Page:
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4 Ways to Maintain Friendships in Life’s Busiest Stages

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Many adults hit a busy stage of life where they spread themselves too thin, juggle more than one person’s load, and even cheat themselves on sleep in order to get everything on their to-do lists checked off. Sound familiar?

If this is you, if the constant emails, that ever-present laundry pile, the 18.3 million soccer practices and games and fundraisers your kid must attend feels draining right now, there are strategies that can help you find time for yourself (and your friends).

Here are 4 ways to help you keep and strengthen the friendships you already have even in the busiest stages  of your life.

Be Determined
If you’re not determined to maintain your friendships in the busy whirlwind of life, if you don’t really want it or block off time for it, then it’s not going to happen.  There’s no magic potion to magically pause the friends waiting on the sidelines of your busy life until your life frees up. You have to make a conscious decision to make cultivating friendship a priority…because, as much as we want it to, the sad truth is that friendships don’t last long on auto-pilot.

Keep in Touch
Staying connected on a regular basis, even via email or a phone call, and even for a short time, is an important ingredient to maintaining a friendship.  Think of keeping in touch as the fire that keeps the friendship lit, or an open door that allows you to walk through to get together for lunch, dinner, or just a fun visit to keep your friendship alive.

Make Time
Sounds simple, right? But we all know, even those fancy little calendar apps has a hard time making two crazy busy people’s schedules line up. But without making—even forcing— time for a friend, your bond will begin to weaken.  The good news is time is not an all or nothing thing. You don’t have to have 3 days to go lay around the beach together like you did in college, you don’t have to do dinner and a concert, or an all day golf tourney. Instead of focusing on the things you can’t find time for, then, be diligent to use the small spaces available in your calendar to meet with a friend.  It’s far better to spend a little time with a friend on a regular basis, then spend a lot of time with them only once a year. The former will keep the friendship growing. The latter, no matter how sincere, will leave gaps and a sense of distance between you.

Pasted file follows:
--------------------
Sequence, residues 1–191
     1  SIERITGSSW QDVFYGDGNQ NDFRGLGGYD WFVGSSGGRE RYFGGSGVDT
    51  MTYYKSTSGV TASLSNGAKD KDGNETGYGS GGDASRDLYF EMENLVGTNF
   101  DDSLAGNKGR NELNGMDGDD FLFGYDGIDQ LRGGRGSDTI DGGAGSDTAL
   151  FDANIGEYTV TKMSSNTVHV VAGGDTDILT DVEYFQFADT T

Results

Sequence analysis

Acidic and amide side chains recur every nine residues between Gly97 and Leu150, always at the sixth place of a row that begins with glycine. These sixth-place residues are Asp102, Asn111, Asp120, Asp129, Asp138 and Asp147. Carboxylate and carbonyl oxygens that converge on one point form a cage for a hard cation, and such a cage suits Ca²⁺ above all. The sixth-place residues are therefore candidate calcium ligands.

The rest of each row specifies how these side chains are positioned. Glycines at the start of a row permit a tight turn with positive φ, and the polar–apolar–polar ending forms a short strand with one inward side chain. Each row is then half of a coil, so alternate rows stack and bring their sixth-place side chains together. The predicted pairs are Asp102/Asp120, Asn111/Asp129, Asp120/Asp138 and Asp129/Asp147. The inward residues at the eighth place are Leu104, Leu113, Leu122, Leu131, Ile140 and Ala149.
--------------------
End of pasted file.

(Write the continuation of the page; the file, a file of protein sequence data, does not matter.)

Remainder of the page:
Show Interest and Appreciation
Letting your friends know how much you appreciate them and having an interest in their life will show them you truly do care about them—and your friendship with them, in spite of your busy schedule. Friends that feel appreciated and cared about will be more flexible, will show initiative themselves, and will ultimately be more open to staying closer to you even amidst the busiest stages of your life.

Maintaining your friendships in the busiest stages of your life is difficult. Hands down. But with sincere determination, a willingness to keep in touch on a regular basis, and ongoing interest in your friends’ lives, it is possible to maintain a friendship–or find a new temporary “normal”-until life slows down a bit.



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  1. Henderson

    I don’t think it’s saying everyone has to be outgoing. You can still be you and be shy or introverted or anything else but put in effort. I consider myself more of a recluse but I find it’s not good for me when I don’t get social stimulation for too long. I get too stuck in my own ways and set on my own ideas and I almost start to dread strangers bc I read all this stuff that happens in the news and forget how many good people are out there. For me, it’s essential that I put in the time and energy to connect with other people.

  2. MandolinGuy

    I’m not one to try a whole lot when it comes to social situations because I haven’t felt my effort has been rewarded in the past. So in stages of life that are really taxing with work or whatever, I’m not really looking for more things to manage…relationships fall to the back-burner and that’s okay with me.

    The underlying suggestion here is that all of us have to be Mr.Outgoing and I don’t think that’s true. But then again, I’ve come back a couple times…so there may be a small part of me that wonders if there’s more to it than I realize.


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